Say what? Government road building as a Rothbardian free enterprise project? This is a downright contradiction in terms. Poor Murray is spinning in his grave at the prospect of one of his best (informal) students calling for such statist initiatives. If I thought Jerry would read this book of mine, I’d send him a free copy: Block, Walter E. 2009. The Privatization of Roads and Highways: Human and Economic Factors; Auburn, AL: The Mises Institute;
4. Education. “Nominating Betsy DeVos to lead the Education Department shows Mr. Trump’s commitment to real education reform, including expanded school choice. Much of America’s economic malaise, including income inequality and slow growth, can be laid at the feet of deficient schools. Although some students receive a world-class education, many get mediocrity or worse.”
Miss DeVos is a leader in the charter school movement. But “real education reform” consists of privatizing all public schools, and leaving education solely to the market. For the libertarian, just as there should be a separation of Church and State, so should there be one between Education and State. The government should have no more to do with education than it now has with bubble gum; less, if anything, since it taxes that product.
“School choice,” moreover, is code for educational vouchers. Yes, Milton Friedman favors this public-private partnership, but that is just an element of economic fascism. For shame, Jerry. What about full privatization of education? Not only is Murray Rothbard disappointed, but so is Fr. James Sadowsky, S.J., another mentor of yours.
And since when did “income inequality” become an “economic malaise?” This, it seems to me, is if anything even worse than Keynesianism. At least Lord Keynes was presumably trying to save capitalism. Of course, his method was to save it by destroying it, but that is another matter. Promoting income equality has no saving grace whatsoever, at least not for the libertarian. For shame, Jerry. Maybe you should reread this splendid essay: Rothbard, Murray N. 1971. “Freedom, Inequality, Primitivism and the Division of Labor.” Modern Age, Summer, pp.226‑245. Reprinted in Kenneth S. Templeton, Jr. (ed.), The Politicization of Society. Indianapolis: Liberty Press, 1979, pp. Defending the Undefend... Best Price: $250.00 (as of 07:45 EST - Details) 83‑126. Reprinted in The Logic of Action Two: Applications and Criticism from the Austrian School. Glos, UK: Edward Elgar Publishing Ltd., 1997, pp. 3-35. At one time, when you were a young lad, you could have recited it from memory. Where have you gone, Jerry?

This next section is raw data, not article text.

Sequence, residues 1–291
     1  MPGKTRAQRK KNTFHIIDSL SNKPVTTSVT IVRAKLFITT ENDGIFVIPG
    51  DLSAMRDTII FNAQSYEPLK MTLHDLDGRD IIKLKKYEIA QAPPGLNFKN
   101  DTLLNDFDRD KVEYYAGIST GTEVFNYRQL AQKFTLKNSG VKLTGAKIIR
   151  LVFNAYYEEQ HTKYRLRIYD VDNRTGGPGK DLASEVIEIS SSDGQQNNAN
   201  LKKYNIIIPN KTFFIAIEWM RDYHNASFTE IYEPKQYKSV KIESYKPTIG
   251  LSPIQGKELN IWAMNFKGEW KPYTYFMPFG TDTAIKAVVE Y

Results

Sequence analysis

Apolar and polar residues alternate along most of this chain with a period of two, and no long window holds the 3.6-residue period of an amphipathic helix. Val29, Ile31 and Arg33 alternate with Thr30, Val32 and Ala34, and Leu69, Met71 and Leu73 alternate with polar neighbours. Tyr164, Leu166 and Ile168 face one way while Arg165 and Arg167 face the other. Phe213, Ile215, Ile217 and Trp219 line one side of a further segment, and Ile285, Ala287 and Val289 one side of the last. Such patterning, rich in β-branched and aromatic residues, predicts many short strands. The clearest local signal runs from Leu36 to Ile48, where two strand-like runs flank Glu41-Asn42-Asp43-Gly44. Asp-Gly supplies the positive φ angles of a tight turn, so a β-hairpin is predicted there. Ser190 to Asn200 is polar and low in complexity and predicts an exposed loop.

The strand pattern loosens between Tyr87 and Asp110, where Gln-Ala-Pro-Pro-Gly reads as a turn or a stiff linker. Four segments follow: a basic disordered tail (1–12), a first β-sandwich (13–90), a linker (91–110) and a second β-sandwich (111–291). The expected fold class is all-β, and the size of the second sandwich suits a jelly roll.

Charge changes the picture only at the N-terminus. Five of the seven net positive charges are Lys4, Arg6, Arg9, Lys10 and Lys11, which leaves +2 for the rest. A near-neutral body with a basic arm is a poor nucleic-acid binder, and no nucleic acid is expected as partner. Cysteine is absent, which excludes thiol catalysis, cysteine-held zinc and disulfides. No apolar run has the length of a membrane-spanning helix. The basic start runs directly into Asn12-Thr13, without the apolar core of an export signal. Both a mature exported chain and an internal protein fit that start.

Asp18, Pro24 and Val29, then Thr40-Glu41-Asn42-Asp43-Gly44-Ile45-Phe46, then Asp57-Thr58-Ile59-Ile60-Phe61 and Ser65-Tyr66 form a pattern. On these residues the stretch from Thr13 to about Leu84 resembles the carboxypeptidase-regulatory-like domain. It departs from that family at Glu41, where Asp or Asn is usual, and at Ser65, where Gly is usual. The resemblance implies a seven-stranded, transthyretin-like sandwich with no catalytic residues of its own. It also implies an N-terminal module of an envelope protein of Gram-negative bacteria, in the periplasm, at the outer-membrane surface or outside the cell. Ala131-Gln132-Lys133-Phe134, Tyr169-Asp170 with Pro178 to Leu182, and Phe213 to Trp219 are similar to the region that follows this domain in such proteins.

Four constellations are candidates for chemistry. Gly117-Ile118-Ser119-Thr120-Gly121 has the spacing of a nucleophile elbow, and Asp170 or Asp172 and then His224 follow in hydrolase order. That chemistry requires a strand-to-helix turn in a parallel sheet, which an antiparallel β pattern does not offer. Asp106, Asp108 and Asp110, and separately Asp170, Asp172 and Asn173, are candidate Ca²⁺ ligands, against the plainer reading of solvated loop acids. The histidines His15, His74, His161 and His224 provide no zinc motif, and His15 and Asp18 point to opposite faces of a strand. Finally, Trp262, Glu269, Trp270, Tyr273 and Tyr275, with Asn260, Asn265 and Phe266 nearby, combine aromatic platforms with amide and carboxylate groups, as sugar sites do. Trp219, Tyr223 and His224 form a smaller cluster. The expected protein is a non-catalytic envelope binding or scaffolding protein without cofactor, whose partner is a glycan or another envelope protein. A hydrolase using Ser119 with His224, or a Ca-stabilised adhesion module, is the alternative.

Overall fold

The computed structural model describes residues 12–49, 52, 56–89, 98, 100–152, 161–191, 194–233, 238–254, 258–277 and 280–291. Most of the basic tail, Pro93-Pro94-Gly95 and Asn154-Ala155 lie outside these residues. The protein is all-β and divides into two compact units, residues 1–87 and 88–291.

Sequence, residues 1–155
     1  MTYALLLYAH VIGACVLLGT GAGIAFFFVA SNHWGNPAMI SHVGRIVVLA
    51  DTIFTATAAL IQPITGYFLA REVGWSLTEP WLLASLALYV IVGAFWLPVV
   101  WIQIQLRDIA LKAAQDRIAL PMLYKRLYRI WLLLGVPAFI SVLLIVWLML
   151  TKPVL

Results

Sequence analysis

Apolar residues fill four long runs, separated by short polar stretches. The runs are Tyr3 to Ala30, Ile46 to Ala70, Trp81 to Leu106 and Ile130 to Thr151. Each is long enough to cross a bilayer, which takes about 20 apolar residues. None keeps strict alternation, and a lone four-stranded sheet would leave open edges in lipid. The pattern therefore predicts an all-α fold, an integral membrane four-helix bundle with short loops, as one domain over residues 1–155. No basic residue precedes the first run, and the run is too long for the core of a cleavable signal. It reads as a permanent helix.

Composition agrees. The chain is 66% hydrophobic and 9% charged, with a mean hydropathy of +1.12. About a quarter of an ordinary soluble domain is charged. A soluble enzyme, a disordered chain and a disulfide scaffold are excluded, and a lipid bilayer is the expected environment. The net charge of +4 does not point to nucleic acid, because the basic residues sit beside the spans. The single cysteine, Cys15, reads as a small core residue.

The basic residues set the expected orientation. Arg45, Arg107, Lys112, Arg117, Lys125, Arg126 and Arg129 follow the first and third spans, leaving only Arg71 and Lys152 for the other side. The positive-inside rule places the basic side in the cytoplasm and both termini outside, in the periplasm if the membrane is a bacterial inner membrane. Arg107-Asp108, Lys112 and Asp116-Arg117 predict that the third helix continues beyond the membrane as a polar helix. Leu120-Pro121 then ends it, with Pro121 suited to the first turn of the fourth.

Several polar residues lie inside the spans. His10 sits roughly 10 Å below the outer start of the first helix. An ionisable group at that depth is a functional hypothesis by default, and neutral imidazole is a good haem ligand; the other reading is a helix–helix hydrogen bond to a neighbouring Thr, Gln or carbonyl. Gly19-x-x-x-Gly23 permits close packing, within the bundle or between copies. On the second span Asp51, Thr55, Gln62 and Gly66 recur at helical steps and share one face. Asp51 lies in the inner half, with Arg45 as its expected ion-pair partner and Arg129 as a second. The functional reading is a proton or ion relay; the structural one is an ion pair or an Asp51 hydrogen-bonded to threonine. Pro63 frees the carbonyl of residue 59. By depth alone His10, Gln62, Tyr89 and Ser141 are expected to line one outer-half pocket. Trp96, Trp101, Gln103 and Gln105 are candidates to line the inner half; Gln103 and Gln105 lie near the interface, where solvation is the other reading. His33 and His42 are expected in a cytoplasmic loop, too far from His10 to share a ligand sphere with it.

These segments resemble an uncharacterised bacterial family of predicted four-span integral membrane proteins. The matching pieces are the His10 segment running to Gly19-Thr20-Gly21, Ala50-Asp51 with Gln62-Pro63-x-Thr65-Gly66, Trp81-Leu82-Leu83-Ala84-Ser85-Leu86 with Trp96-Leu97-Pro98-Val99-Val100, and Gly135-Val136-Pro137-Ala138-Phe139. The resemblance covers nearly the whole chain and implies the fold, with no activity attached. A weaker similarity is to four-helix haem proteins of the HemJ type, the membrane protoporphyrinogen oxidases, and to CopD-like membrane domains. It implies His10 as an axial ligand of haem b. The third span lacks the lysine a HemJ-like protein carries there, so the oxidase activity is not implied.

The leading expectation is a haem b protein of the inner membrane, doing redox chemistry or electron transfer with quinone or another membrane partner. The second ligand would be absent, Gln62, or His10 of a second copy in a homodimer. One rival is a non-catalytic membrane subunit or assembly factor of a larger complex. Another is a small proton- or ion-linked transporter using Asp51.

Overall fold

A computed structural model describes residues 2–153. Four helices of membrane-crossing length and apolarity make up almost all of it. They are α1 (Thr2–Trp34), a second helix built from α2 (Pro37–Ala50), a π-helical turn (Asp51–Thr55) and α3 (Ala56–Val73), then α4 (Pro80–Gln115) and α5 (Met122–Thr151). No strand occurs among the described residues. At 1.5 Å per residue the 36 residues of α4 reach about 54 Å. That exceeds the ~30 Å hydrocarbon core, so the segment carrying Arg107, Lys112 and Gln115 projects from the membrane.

5. Private investment and deregulation.
Waitasec. Prof. O’Driscoll quoted Fed Vice Chairman Stanley Fischer, positively, as calling for “more effective regulation” not “deregulation.” How did our long-ago free enterprise supporter deduce the latter from the former? Obviously, deregulation, not more effective regulation, is the only one compatible with laissez faire capitalism.
Our author continues: “Businesses need greater regulatory certainty, and reasonable statutory time limits should be placed on environmental reviews and permit applications. That, along with tax cuts, would do the trick for boosting investment.”
There are problems here too. No, businesses do not need greater regulatory certainty. They have plenty of that in Venezuela. What they need is no government regulation. The untrammeled market and private courts would provide all the “regulation” that is needed. Time limits on environmental applications? How about, instead, an end to the EPA and that alphabet soup of other governmental environmental regulations? Tax cuts are all well and good as a first start. But even Ayn Rand, a mere minarchist, called for the entire elimination of all compulsory taxes. Are we going to allow her to best us in this?
6. Central bank